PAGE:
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Around Slovakia

Mečiar loan came from Swiss businessman
Negligence charges weighed against Schuster doctor
Martinka arrest warrant annulled
Korean kicked out for arms trading
Woman gives herself abortion
Rusko virus infecting nation
Helping the cops help us

Trenčianské Teplice
Mečiar loan came from Swiss businessman


WOULD you pay $7 million for Mečiar's Elektra?
photo: TASR

FORMER PM Vladimír Mečiar has said that the over Sk41 million ($920,000) he allegedly borrowed to finance his controversial Elektra villa in the west Slovak town of Trenčianské Teplice came from Swiss businessman Peter Ziegel in 1999.
Ziegel confirmed the information for a journalist with the Sita news agency, offering his passport and part of the loan contract as proof.
Ziegler said he had lent Mečiar somewhere from Sk40-100 million, that the maturity was 10 years with payments to begin in 2005 at the latest. The loan was secured with Mečiar's property, Ziegler said, refusing to give the rate of interest.
However, some parts of Ziegler's claims appeared dubious, particularly his statement that the Elektra property was worth Sk300 million ($7 million), and that he had been given collateral rights over it. The local land registry office shows Mečiar as the sole owner, and that no collateral obligations have been recorded.
The daily paper Sme wrote that Ziegler was transported to Slovakia in a car owned by the Guard security firm, which used to provide security for former Mečiar intimate Alexander Rezeš.
The fraud division of the police corps is also investigating whether Mečiar reported to the central bank the several million Swiss francs Ziegler allegedly delivered to him in cash, as he is required to do by law.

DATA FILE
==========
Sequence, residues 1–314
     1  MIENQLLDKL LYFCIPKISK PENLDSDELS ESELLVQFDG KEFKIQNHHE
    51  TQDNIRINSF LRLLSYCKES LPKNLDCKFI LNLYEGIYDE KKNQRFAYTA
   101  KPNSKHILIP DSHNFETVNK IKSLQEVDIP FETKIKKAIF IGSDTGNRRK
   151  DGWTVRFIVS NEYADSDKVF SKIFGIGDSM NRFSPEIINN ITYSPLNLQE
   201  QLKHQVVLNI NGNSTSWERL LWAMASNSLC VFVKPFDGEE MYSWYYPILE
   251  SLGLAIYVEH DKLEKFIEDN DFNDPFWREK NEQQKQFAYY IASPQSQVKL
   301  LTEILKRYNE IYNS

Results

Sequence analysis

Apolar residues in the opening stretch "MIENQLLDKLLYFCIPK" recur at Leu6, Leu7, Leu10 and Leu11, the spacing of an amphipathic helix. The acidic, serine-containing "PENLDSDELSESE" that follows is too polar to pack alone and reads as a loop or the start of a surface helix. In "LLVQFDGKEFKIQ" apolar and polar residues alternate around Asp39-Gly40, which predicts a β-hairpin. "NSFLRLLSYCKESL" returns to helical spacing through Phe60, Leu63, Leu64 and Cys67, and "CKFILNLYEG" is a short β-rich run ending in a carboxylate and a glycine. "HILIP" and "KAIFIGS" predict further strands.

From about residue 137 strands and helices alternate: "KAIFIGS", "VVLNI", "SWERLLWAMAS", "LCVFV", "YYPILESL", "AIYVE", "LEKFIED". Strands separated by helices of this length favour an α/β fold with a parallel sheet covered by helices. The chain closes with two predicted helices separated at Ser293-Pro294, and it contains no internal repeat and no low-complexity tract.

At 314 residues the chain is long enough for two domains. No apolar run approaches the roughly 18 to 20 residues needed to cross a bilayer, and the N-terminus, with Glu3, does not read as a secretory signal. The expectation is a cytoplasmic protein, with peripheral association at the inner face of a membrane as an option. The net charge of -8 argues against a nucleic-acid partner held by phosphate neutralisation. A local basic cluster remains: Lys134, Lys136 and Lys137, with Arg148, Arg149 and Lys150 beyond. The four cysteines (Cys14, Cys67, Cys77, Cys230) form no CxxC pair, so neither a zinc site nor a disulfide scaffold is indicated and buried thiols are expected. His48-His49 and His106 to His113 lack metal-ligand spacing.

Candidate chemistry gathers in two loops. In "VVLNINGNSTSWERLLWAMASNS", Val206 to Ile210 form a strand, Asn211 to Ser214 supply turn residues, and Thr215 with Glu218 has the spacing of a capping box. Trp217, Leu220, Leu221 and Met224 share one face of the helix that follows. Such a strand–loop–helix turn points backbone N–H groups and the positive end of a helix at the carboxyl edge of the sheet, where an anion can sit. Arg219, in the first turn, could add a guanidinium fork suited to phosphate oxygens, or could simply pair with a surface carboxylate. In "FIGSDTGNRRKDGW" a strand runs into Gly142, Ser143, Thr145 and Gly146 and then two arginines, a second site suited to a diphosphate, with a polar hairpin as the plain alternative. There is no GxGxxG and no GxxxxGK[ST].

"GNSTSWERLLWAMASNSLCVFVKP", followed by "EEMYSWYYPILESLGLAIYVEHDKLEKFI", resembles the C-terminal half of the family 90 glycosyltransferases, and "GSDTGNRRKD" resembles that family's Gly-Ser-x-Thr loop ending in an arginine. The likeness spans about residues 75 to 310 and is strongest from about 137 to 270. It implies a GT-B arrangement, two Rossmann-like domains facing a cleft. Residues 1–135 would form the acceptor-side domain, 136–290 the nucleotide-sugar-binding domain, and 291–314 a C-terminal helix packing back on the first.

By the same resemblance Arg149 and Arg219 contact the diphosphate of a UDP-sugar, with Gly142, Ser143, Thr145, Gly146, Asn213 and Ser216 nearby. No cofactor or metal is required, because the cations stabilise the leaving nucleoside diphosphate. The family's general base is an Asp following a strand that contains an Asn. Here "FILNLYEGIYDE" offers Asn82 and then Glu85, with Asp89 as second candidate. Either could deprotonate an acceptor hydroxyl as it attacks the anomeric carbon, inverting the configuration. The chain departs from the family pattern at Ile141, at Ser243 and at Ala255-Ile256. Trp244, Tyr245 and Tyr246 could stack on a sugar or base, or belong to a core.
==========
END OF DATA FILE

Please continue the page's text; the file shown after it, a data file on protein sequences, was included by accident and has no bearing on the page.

Ziegler said he had agreed to vouch for Mečiar because the opposition leader is "persecuted in the pre-election struggle".


Bratislava
Negligence charges weighed against Schuster doctor

A POLICE investigator has called for charges of negligence to be laid against a doctor at the Interior Ministry Hospital in a near-fatal operation on President Rudolf Schuster in 2000. A state prosecutor will now decide further steps.


Bratislava
Martinka arrest warrant annulled

A THIRD warrant for the arrest of former privatiser Karol Martinka has been annulled by the Bratislava region court, prompting Martinka's lawyer to request the Justice Ministry withdraw a request for his extradition from Austria.
Martinka, who was active in failed Slovak-Russian financial house Devín Banka and was behind the scandalous privatisation of the Piešťany spa, in recent days has seen the spa case returned by the Supreme Court to police for further investigation.


Bratislava
Korean kicked out for arms trading

A SOUTH Korean citizen was expelled from Slovakia in early August under suspicion of illegal trading in arms, particularly in dual-use goods and material for weapons of mass destruction, the Sme paper writes.


Bratislava
Woman gives herself abortion

A HOSPITAL employee secretly gave herself an abortion using vivisection instruments she found in the pathology department.
The 33-year-old woman on September 4 managed to get rid of her unwanted fetus, but nearly bled to death after the operation. A colleague discovered her and rushed her into treatment.
It is not known in what month of pregnancy she was.


Bratislava
Rusko virus infecting nation

A COMPUTER virus called "Appeal", bearing the name and smiling photo of Pavol Rusko, head of the non-parliamentary New Citizen's Alliance Party (Ano) party, is spreading through e-mails and infecting computers around the country.
ProNetix, a computer security company, said they had registered the first such e-mails on September 10, just two weeks ahead of the nation's general elections, and had immediately produced an anti-virus programme.
Rusko said the virus, along with recent defacement of his party's billboards, was part of an "attempt by political rivals to discredit Ano".


Žilina
Helping the cops help us

ŽILINA's traffic police are looking for sponsors to help them buy new computers.
The region's traffic police officials say that half of their employees do not have computers, and that those machines they do have are outdated and frequently break down, slowing the office's work, particularly in the car registration department.
"It's unbearable. The computers freeze every minute, the printers don't work. Our officers are now the targets of offences and attacks by impatient citizens," said Branislav Zajac, head of the traffic police.

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